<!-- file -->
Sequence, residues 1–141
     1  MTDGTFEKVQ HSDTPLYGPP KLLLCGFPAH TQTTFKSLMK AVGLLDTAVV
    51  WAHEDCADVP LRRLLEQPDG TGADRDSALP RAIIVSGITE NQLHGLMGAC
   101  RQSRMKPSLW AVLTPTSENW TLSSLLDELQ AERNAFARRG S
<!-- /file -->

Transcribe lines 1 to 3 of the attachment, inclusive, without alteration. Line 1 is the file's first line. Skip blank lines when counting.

Sequence, residues 1–141
     1  MTDGTFEKVQ HSDTPLYGPP KLLLCGFPAH TQTTFKSLMK AVGLLDTAVV
    51  WAHEDCADVP LRRLLEQPDG TGADRDSALP RAIIVSGITE NQLHGLMGAC